“The Happiest 5k on the Planet” Hits Youngstown

“The Happiest 5k on the Planet” Hits Youngstown

The Color Run doesn't rank runners by place or time, but encourages all participants to celebrate their happiness and individuality — all while covered in paint.

The Color Run doesn’t rank runners by place or time, but encourages all participants to celebrate their happiness and individuality — all while covered in paint. Photo courtesy of Flo-Foto.

Six thousand runners and walkers navigated through clouds of colored powder and gauntlets of bright paint on Saturday at Youngstown’s first The Color Run 5k.

Starting and ending at the Covelli Centre, participants in The Color Run, many dressed in all white, proceeded through the downtown 5k course, during which they were pelted with packets of colored powder and covered with paint.

The run, which is advertised as “the happiest 5k on the planet,” encourages participants to celebrate “happiness, healthiness and individuality,” by turning runners into moving canvasses. The race, which is not timed — awards aren’t given for placement, either — is meant to be an inclusive event where runners can bond in the presence of a shared, unique experience while raising money for deserving causes.

Though not directly tied to any particular charity, The Color Run races often select a local charity partner to benefit from the 5k. Youngstown’s event helped to raise money for Akron Children’s Hospital, with $1 per participant registration going to the hospital.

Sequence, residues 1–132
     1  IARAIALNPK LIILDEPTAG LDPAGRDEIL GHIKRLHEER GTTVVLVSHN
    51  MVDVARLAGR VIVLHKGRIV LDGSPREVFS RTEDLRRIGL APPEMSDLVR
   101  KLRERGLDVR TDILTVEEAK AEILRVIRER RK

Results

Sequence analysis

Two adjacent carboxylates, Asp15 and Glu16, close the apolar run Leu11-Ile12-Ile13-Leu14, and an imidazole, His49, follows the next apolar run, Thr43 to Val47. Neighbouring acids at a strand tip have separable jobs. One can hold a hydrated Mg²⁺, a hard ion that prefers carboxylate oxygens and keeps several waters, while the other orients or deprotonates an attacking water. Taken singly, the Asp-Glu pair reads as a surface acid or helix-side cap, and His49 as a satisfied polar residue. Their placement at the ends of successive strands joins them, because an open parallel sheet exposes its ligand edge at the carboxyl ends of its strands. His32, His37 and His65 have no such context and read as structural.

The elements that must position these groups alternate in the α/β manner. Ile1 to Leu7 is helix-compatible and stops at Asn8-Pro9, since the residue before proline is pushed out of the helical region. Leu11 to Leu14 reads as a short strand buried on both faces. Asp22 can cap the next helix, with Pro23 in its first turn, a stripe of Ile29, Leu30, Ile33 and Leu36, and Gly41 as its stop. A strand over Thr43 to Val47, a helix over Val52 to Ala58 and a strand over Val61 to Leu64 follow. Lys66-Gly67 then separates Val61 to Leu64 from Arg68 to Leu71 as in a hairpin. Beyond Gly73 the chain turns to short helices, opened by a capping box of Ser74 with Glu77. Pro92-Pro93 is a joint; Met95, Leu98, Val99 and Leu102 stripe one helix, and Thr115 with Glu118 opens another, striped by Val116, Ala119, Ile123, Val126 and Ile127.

“I ran The Color Run as part of a bachelorette party, but I would have signed up either way just because the run is such a great event for Youngstown,” said Shelly Marlowe, Co-President of the Boardman-based nonprofit Making Kids Count.

Marlowe, like many, ran in the event for more than just a brightly painted shirt and a day of exercise.

“My family and I run a nonprofit here in the Mahoning Valley called Making Kids Count, and we provide Hope Totes for the kids undergoing chemotherapy there [at Akron Children’s Hospital],” Marlowe said. “So the fact that the race was giving money to Akron Children’s Hospital made it all the more enticing for me.”

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